What a year for taxes


A midyear review and what’s ahead

What a year it has been for taxes. There hasn’t been this much change in our tax system since before the fall of the Berlin Wall. And like that historic event, the new federal tax structure has unleashed freedom of enterprise to build, create and grow. Optimism in our economy is surging to all-time highs and expectations are lofty. However, while the federal government has come to the realization that loosening the binds of taxation brings prosperity, at the state level there is an altogether different story.

This article will explore the increasing trend of state lawmakers’ proposals to increase taxes on agriculture and why equipment dealers need to remain vigilant about educating policymakers at the state level on the effects of raising taxes at a critical time for agriculture.

The Boom

Over four years ago, agriculture began its descent from all-time price and productivity highs. For nearly seven years prior, agricultural production bucked the trend of an otherwise lethargic economy, pumping money into anemic state budgets and keeping them afloat during the recession. Without much recognition, agriculture remained a steady and dependable source of revenue for many states – not just in the Midwest. 

At the same time, oil and gas exploration expanded through the advent of fracking technology, swelling state coffers with additional revenue. From the Bakken to the Eagle Ford, America realized it was sitting on a wealth of previously inaccessible natural resources. The rapid escalation of new wellheads across the country generated billions in new economic development in depressed areas. Record high prices at the pumps continued to fuel growth in the oil and gas sector and, for a while, incentivized lots of people to purchase a Prius (why else would you?).

Together, these two industries created a sense of revenue stability for state governments. Even in states where tech and manufacturing seem to dominate, like Washington State, agriculture still holds the position as the second largest industry and provides a baseline of revenue for the state. For other states like Kansas and Oklahoma, state budgets are primarily dependent on revenue from agriculture and natural resource extraction, namely oil and gas.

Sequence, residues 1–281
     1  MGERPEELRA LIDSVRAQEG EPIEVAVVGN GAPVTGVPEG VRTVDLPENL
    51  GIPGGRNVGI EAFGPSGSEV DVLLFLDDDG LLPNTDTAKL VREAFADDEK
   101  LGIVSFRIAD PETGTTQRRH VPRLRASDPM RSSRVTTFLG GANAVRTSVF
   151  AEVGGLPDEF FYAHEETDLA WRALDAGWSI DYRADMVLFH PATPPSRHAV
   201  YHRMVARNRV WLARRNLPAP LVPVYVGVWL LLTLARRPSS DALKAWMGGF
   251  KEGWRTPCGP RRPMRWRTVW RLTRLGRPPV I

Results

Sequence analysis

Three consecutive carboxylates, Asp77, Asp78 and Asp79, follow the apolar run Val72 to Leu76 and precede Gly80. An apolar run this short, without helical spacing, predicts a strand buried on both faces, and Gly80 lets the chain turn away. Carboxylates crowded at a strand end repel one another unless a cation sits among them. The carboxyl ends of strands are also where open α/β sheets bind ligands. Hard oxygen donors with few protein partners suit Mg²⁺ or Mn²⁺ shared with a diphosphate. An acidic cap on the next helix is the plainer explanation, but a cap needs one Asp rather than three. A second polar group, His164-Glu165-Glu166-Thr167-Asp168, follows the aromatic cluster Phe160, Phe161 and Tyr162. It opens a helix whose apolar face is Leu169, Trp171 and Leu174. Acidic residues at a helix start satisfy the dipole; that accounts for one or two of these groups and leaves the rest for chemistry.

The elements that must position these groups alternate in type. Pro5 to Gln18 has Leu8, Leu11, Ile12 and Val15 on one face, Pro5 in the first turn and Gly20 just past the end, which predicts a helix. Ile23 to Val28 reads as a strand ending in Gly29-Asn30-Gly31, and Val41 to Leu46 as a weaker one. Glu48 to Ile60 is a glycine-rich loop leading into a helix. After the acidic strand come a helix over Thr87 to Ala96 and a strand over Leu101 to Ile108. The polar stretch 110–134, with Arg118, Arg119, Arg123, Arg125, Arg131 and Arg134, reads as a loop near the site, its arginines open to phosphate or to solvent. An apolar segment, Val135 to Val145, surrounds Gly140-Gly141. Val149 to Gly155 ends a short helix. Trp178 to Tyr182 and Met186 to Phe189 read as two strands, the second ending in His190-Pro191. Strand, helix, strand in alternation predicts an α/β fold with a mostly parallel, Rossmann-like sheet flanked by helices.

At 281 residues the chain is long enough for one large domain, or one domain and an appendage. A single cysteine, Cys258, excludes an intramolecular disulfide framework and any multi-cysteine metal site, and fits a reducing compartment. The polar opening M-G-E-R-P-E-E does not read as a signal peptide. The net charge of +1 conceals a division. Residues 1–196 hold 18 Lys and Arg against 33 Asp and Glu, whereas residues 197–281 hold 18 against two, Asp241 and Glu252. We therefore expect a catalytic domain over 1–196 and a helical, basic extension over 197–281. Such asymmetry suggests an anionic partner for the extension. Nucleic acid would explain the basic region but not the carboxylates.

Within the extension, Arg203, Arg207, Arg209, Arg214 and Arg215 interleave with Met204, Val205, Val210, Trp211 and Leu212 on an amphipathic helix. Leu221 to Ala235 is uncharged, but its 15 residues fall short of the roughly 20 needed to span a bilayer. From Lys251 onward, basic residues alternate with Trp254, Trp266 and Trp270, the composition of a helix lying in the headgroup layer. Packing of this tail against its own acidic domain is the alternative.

When record revenues from both of these industries combined with the eventual recovery of the rest of the economy, legislators began to collectively adopt the attitude of our Louisiana friends, “laissez les bons temps rouler,” otherwise known as “let the good times roll.” State budgets got fat and legislators began doling out the rewards. Tax credits and exemptions began to proliferate in many states for all types of industries, not just historic exemptions for agriculture based on sound policy developed over the decades. Major tax reforms were enacted in many states based on the premise that state revenue would continue on current projections for time immemorial.

As anyone in agriculture knows, though, the good times don’t last and you have to put away during the good times for that eventuality. Lawmakers are not fond of that concept, however.

The Bust

The signs that the baseline industries of agriculture and oil and gas were beginning to lag did not appear at first to be a cause for concern. By 2014, the rest of the economy had finally revived itself enough that many believed any losses from natural resource industries would be offset by the growth in other sectors. For some states with diverse economies, this has remained true. But the states whose economies are still predominantly agriculture-based (with oil and gas acting as a buffer), the result has been far from optimal.

It’s no news to the readers of this article that net farm income has decreased by over 50% in the last four years. To many legislators, even in agriculture powerhouse states, that is entirely surprising. It shouldn’t be if you look at the revenue streams of those states’ budgets. The precipitous drop in farm income coincides closely with the decline in state revenues for states like Oklahoma and Kansas. Add to that the decline in oil and gas prices at the same time as the decline in commodity prices, and you have a problem.

For the last few years, Midwest states, such as Kansas, began their legislative sessions with budget gaps in the hundreds of millions. This year, Oklahoma teachers staged a two-week walkout because the state lacked the resources to provide raises. There are a number of factors that create these situations, but the underlying reality is that commodity prices are in the tank and states dependent on them for revenue have been dramatically changed.

Looking for Taxes in All the Wrong Places

I’m fond of quoting Winston Churchill when describing the desire of legislators to increases taxes on agriculture to close the persistent budget gaps they face. To me, increasing taxes on the hardest hit segment of the economy “is like a man standing in a bucket and trying to lift himself up by the handles.” Yet, that is precisely what has occurred.